Immigration Holds Mostly for Minor Offenses, Sheriff's Data Shows; Office Thwarted New Times' Attempts to Get Same Data
Most jailed inmates kicked out of the country under the county's 287(g) agreement with the feds were picked up by local police forces for relatively minor crimes. Our September 30, 2008 article, linked above, detailed why this is happening and passed on plenty of stats from various law enforcement agencies as factual evidence.
One group of stats we didn't get, though: The kind of stats just released by the county, which the Arizona Republic used as fodder today for a front-page article.
Not that we didn't ask for them -- as part of the research for "Police State," we asked Sheriff's Joe Arpaio's office for exactly those inmates stats, (though from earlier, random dates).
Paul Chagolla, (pictured above), now a deputy chief with the office, refused to release the data, telling New Times that satisfying the request would violate federal law. Did something change, or was Chagolla lying?
Chagolla, who left the sheriff's public relations office on a bad note, is now the
records division chief. [P.M. Correction to this A.M. blog post: That's criminal records, not public records, which dulls our point here but does not totally blunt it]. Oy. With him in charge, we don't have to wonder why Arpaio's office has failed to release a completed report we requested last August, or why he reportedly gave false information last week to the state Senate Judiciary Committee hearing on fugitive warrants.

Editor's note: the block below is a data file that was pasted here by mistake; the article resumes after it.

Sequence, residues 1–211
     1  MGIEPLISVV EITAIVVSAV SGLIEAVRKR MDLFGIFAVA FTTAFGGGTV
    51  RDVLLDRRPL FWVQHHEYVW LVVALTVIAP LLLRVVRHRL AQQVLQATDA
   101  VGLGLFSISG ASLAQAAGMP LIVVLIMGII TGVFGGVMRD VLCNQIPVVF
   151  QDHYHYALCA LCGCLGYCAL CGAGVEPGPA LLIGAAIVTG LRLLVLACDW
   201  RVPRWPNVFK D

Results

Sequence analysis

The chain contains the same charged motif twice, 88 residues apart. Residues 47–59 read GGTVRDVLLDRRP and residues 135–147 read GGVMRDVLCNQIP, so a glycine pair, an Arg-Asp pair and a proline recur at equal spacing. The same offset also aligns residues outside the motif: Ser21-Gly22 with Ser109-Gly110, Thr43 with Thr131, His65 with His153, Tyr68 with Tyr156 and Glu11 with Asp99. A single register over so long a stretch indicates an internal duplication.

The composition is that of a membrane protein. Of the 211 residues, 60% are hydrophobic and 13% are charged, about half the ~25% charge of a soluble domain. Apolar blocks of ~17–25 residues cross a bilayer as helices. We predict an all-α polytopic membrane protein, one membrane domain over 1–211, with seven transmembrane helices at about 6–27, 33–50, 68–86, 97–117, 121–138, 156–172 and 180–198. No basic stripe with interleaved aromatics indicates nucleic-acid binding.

As to the stats themselves:
We didn't notice any "passenger failed to show ID" arrests, which could be considered the most minor of crimes -- especially when those arrests are based on bogus underlying violations. There were a few "driver failed to show ID" arrests. And there was one arrest -- and subsequent voluntary deportation, no doubt -- for fishing without a license.
The alleged crimes committed (sample below) by the illegal immigrants booked into jail, however, are not mostly victimless. Advocates for undocumented workers who commit crimes have a tall hurdle to clear in explaining why society would benefit more from the old "catch-and-release" method.